Brain Cancer, why?

  • Added:
    Nov 04, 2012
  • Article Views:
  • Word Count:

There are many people throughout the world that suffer from brain cancer. In 2010 22,000 people in the U.S developed primary brain tumors or nervous system cancers. As with tumors elsewhere in the body, the exact cause is unknown. Professionals believe the cause for this primarily, is due to abnormal growths of cells in the brain. This type of cancer usually arises when primary brain cells are compromised from the growth of cancer cells that have developed in other organs and have spread to the brain via the bloodstream. These growths are commonly called brain tumors, but studies have shown that not all brain tumors are cancerous.

Tumors are only considered cancerous when they have become malignant. A tumor is classified as malignant when it grows and spreads aggressively throughout the body. While, a tumor that is benign does not grow and spread as rapidly throughout the brain. Even though benign tumors are not as serious, they can still cause many problems for the brain. Malignant tumors simply overwhelm healthy cells by taking their place, blood and their nutrients. This is critical to the brain because of the added growth of the tumors and the structure and confines of the skull. This is believed to increase the amount of pressure on the surrounding vital structure, ultimately causing severe malfunction. 

The most common type of tumor found in the brain are called metastatic tumors. Metastatic brain tumors consist of cancerous cells that have spread through the blood stream from a tumor that resides elsewhere in the body. Cancers that begin in the lung, breast, kidney, and skin are the most common causes for brain cancer. A process called metastasis enables these cancer cells to spread to the brain. The blood flow of the brain usually determines where metastatic cancer cells will settle. Sadly, the majority of these type of brain tumors attack more than one location of the brain. There are many proposed risk factors for primary brain tumors including radiation, genetics, HIV infection, and cigarette smoking.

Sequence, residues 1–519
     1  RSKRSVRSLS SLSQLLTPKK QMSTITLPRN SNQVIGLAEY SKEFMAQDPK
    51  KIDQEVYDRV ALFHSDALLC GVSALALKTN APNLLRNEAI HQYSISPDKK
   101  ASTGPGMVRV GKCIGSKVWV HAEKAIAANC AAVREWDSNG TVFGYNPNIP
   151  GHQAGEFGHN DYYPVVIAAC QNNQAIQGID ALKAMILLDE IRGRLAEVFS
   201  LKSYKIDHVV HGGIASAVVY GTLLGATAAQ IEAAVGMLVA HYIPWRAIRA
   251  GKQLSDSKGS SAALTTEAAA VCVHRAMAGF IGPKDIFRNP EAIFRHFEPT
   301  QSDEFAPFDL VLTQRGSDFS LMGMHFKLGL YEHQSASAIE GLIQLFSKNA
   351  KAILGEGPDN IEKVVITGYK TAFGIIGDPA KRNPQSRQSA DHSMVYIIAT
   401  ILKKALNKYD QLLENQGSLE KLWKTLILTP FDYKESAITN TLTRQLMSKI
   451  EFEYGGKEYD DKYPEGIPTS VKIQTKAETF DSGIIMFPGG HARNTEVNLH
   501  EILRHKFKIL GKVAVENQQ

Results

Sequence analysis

In many people the onset of symptoms begin gradually and are often overlooked. In some cases the symptoms appear more rapidly and pronounced causing a person to feel as if they're having a stroke. Aneurysms are also often mistaken for brain tumors. Aneurysms arise when abnormally weak brain arteries expand and begin to compromise the vessel wall. However, they will not produce any noticeable problems unless blood starts to leak out to the surrounding brain tissue. Unfortunately, aneurysms produce symptoms that closely resemble that of tumors, but are not caused or formed by cancer cells.
The National Cancer Institute(N.C.I) uses a distinct process to classify and grade tumors. 
  • Grade one tumors are classified as being benign. This is because the cells look almost like normal brain cells and are slow in growth.
  • Grade two tumors are classified as malignant. This grade is given when cells look considerably less like normal cells do in a grade one tumor.
  • Grade three tumors classified when the malignant tissue cells are growing more aggressively and are termed an aplastic.
  • Grade four tumors are classified when malignant tissue cells look abnormal and grow very fast.
 Although the direct cause is not evident, one should take all the necessary precautions to prevent this vicious disease. Seek the care of a professional if you begin to experience any of the symptoms associated with brain cancer. Unexplained vomiting, double vision, increased sleepiness, seizures, as well as varied early morning headaches are all symptoms and should be monitored accordingly. Potential patients should discuss treatment options should these symptoms persist. Surgery, radiation therapy, and chemotherapy are the most common procedures used to fight cancer of the brain.

Author's Profile

Virginia Montgomery is a stay at home mom who enjoys writing articles for Interesting Articles.

Please Rate this Article
Poor Excellent